While many of us are aware that driving under the influence of alcohol or drugs can result in criminal charges and prison time, the more important consideration is how these actions can affect the lives of others. A Pennsylvania man suspected of smoking a "synthetic" drug before getting into a fatal car accident is about to face the consequences of his actions, but the families of the victims in the crash are already feeling the effects.
Quality Stone Veneer Inc., which installs stonework at residential and commercial properties, was recently found in violation of scaffolding safety regulations by the Occupational Safety and Health Administration (OSHA). The company, based in Refton, was cited for eight violations, one found to be willful. OSHA proposed $154,440 in fines following a recent inspection.
Field trips are one of the best things about being in school, particularly in late spring, when students are restless and eager to get out of the classroom for any reason at all. They're even more exciting when they involve a trip out of town for some sightseeing. And although the permission slip is still a necessity to ensure that parents know where their children are headed, most students, teachers and parents don't expect anything to go wrong on these trips. But sometimes, unfortunately, accidents do happen.
We're hearing more and more these days about the rising cost of health care in the United States. These costs include not only payments for insurance and medical treatment patients receive, but the expenses hospitals and clinics incur for purchasing and maintaining the highest-quality equipment. In return, patients and their families expect top-notch care when they visit a medical facility. So when a course of medical treatment goes terribly wrong, it's reasonable to expect some form of compensation through a medical malpractice lawsuit.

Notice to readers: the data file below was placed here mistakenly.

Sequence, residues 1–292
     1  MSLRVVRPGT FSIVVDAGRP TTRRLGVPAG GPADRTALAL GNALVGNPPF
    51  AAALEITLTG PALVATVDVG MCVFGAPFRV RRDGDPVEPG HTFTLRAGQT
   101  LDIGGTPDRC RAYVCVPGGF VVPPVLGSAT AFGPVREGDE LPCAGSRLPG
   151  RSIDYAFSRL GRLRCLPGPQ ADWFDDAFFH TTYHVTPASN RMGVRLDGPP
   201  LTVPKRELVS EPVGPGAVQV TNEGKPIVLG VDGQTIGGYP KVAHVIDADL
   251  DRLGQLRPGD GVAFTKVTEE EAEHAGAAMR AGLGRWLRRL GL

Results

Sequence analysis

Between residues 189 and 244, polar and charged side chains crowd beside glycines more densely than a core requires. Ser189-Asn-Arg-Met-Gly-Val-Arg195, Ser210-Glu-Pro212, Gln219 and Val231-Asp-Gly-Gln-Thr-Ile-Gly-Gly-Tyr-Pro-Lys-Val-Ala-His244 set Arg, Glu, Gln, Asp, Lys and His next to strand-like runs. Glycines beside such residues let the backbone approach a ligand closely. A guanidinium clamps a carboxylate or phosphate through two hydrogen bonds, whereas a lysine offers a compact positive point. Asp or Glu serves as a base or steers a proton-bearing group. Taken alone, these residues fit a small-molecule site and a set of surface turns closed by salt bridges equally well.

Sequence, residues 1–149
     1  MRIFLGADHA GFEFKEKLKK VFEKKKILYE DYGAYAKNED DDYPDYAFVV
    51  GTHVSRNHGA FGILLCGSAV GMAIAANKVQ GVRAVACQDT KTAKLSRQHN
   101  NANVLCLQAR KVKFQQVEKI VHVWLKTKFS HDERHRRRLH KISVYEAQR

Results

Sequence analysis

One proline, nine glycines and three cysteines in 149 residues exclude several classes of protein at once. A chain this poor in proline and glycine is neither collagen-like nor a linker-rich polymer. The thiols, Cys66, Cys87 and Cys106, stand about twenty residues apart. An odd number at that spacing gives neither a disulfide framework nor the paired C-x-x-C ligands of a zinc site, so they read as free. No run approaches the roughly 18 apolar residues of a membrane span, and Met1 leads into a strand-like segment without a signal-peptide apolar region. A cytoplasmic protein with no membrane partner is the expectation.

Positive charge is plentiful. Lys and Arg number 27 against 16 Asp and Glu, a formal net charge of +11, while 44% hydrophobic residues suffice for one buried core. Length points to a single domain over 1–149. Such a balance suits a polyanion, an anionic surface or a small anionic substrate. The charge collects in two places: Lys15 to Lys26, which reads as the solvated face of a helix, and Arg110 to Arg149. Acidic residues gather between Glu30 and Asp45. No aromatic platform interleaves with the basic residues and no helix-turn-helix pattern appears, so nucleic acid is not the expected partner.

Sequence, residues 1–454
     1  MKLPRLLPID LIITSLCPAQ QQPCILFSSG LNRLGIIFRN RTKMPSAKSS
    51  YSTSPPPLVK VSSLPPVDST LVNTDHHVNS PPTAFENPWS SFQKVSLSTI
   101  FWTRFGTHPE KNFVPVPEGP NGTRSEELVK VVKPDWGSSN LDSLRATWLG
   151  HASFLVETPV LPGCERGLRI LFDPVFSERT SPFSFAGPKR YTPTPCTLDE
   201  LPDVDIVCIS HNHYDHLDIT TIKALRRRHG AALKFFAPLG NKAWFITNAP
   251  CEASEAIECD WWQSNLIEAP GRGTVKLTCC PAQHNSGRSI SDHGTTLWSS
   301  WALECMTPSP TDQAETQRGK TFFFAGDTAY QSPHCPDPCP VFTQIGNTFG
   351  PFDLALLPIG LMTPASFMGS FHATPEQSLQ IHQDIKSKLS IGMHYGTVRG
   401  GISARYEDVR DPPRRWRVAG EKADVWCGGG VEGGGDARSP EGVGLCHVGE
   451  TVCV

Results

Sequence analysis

Employers are required by law to provide a safe and healthful workplace for their employees. The Occupational Safety and Health Administration (OSHA) is responsible for ensuring employers abide by those regulations.
Several motorists take to the highways in spring, but motorcyclists merge with traffic at a time when drivers of larger vehicles can be less compelled to notice them. May is Motorcycle Safety Awareness month, a designation that federal safety officials hope will prevent motorcycle accidents and draw attention to the increased presence of two-wheeled riders. Officials with the National Highway Traffic Safety Administration want to imprint the idea that drivers of every size and type of vehicle share the highways and streets.
Many people may not be aware of the dangers construction workers face each day. For those working in work zones near roads and freeways, they face the additional risk of being hit by motorists passing by. The Pennsylvania Department of Transportation (PennDOT) is implementing a number of measures to make work zones safer and prevent Pennsylvania construction accidents.
One of the most difficult situations for the families of fatal accident victims is a hit-and-run crash. Regardless of how the accident happens or who's at fault, drivers are obligated to stop after the impact to check on the welfare of everyone else involved. Those who fail to do so put injured victims at risk of death, and put themselves at risk of criminal charges.
The families of the two people who were killed in a 2009 car accident involving a taxi cab in Harrisburg, Pennsylvania, got some closure late last week with the guilty plea of the driver who caused the crash.
There seems to be a long-running feud between some who use four wheels to get to work and those who use two. Most of the time motorists and bicyclists are able to safely co-exist, but run-ins do happen, both of the verbal and physical variety. And in a car accident, a bicyclist runs a high risk of serious injury or even death.